Bob Collins knows cotton and cotton people.

He has lived in the cradle of Oklahoma cotton production, Tillman County, almost all of his life.

He grew up in Custer County, a place where dry weather and farmers with brows furrowed by worry go hand-in-hand.

So, like a lot of other people active in dryland farming, he is realistic when he talks farming and agriculture production.

"Cotton farming is taking a lot of hits today," he says. "It is not just the recent weather with the Texas hurricanes and plains rainstorms that took out more than a million acres in that state and Kansas — a lot of pessimism (comes) from economists and others who are sold on the promise of high prices and acreages for biofuel production."

Collins, who recently retired as the executive director of the Oklahoma Cotton Council, also was executive secretary of the Cooperative Cotton Ginners of Oklahoma until it and several other Sooner state cotton organizations became the present Council.

Harvey Schroeder, Frederick, Okla., cotton producer, currently serves as executive director of the Council.

So, while some say nations like India and China will become future leaders in world cotton production, and others say world trade organizations have been effective in hamstringing the United States as an effective cotton marketing country, Collins, an old-timer in the fray, says, "Don't count cotton out yet. Not by a long shot.

"Everyone now knows the most effective areas in the United States, maybe the world, for growing cotton, particularly dryland cotton, are Texas, Oklahoma and Kansas. For many reasons, and in spite of all the bad weather, more cotton acres will be harvested in these three states than in the rest of the country this year," he said.

That’s because transgenic cotton varieties have built-in improvements in resistance to dry weather and to attacks from many diseases and insects originally feared by cotton growers.

"Take these advantages," Collins says, "couple them with the Roundup Ready traits where a farmer can effectively control weeds and not hurt the young cotton plants and you have a very effective tool for the farmer’s crop toolbox."

The gate to effective, profitable cotton production opened with the eradication of the boll weevil by the national Boll Weevil Eradication Program. Before this program came around, the weevil had effectively shut down cotton production in the United States, particularly for dryland production.

Collins, who practices being a good neighbor to everyone, believes people in agriculture today, faced with increasing production costs, weather problems, uncertain marketing problems and attacks from naive environmentalists, often forget they are all part of the same family.

"We all, most of us, anyhow, produce many different crops and livestock to make a living," he said. "Cotton can help grain farmers stop weed problems in grain fields. Cotton provides farmers with a spring-planted, fall-harvested crop that will bring in money along with winter wheat and cattle. It is a real partner in rotations with other summer crops like corn, grain sorghum and others."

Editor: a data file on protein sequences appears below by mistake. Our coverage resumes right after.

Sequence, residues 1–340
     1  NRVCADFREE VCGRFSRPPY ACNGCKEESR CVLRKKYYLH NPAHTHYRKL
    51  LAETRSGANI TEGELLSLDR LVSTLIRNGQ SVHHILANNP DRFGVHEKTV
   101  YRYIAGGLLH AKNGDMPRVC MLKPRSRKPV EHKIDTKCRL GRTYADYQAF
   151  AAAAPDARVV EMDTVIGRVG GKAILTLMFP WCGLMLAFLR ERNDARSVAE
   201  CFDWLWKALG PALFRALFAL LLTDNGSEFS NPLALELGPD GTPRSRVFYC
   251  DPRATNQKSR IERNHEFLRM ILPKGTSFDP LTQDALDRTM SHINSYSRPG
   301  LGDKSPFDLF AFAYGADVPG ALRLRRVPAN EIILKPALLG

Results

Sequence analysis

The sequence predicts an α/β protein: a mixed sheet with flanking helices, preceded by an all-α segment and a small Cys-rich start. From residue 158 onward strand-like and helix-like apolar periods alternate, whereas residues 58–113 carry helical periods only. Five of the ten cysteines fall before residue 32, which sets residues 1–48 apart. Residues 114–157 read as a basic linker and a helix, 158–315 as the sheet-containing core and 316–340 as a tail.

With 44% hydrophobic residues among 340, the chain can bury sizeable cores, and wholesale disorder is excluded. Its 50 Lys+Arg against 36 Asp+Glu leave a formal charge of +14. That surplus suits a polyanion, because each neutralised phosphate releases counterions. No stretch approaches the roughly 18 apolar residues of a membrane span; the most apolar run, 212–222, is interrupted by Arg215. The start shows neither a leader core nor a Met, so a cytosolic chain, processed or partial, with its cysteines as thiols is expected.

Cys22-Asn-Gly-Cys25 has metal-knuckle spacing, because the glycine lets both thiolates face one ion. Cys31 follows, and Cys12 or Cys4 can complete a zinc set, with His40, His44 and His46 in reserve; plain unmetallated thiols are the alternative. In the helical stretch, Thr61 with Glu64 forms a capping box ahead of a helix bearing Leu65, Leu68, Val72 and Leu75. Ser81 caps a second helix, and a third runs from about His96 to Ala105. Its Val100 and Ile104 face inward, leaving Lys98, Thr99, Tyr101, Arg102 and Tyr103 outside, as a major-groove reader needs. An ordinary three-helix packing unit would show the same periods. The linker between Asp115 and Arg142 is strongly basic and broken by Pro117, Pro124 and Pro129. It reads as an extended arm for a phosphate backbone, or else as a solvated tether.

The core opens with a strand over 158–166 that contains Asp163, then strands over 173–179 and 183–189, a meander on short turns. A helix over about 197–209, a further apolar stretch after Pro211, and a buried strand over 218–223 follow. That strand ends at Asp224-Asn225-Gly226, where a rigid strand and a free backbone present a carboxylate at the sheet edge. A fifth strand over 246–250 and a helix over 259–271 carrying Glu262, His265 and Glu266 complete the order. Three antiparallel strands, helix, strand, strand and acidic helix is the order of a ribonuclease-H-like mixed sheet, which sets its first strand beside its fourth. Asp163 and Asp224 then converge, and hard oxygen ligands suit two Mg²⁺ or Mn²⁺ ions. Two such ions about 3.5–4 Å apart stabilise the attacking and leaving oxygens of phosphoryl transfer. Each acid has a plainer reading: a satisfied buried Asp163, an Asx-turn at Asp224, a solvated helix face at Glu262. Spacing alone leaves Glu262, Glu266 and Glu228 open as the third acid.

On the world stage, in spite of the spread of transgenic crop varieties to other countries and the constant jockeying for preferred positions in world markets between the United States and other countries, Collins doesn't see these countries about to offset the advantages that America's farmers and farm industries still have.

"We in the United States are fortunate to have a country with a real bread basket — the Central Plains states," he said. "Our scientists and engineers are never behind in the development of new, environmentally-friendly pesticides and farming equipment. Other countries, mostly those whose farmers are still farming under primitive conditions, compared to the United States, still are not able to farm effectively and economically the large land areas necessary to feed millions of people. Other developed countries use modern farming technology, but the U.S. farmer still leads the way."

No other crop, Collins believes, offers a better, complete package of technological advantages to the farmer than cotton. "Unlike the old cotton farming practices," he said, "planting and harvesting are the two biggest challenges for the (modern) cotton farmer. No-till and minimum tillage practices preserve soil nutrients and water and new varieties are highly effective partners with these farming techniques. Harvesting technology is constantly evolving to make this time shorter and more efficient for cotton producers.

"Availability of modern gins, with all of their other services available to farmers, enhances cotton production," he said.

In other words, Collins explained, cotton production in the 21st century is one of the most complete production packages available for farmers.

Collins and his wife, Ann, along with their two daughters, Kim and Pam, and their families, are excellent examples of what family farming is today.

Along with cotton, they produce wheat, hay and other crops with no-till farming practices. They also run a herd of beef cows on improved pastures with bermuda and plains bluestem grasses. Now retired from driving the tractor and hitching the plow, Collins' land is farmed by Brad McKinley, who also lives in Frederick.

"We are no different than anyone else trying to make a living," Collins said. "All of us have to work together to do an effective job of farming. All of us need to share information, new ideas and cooperate in being true stewards of the land, something we all share and must take care of so future farmers can continue to feed our nation and others."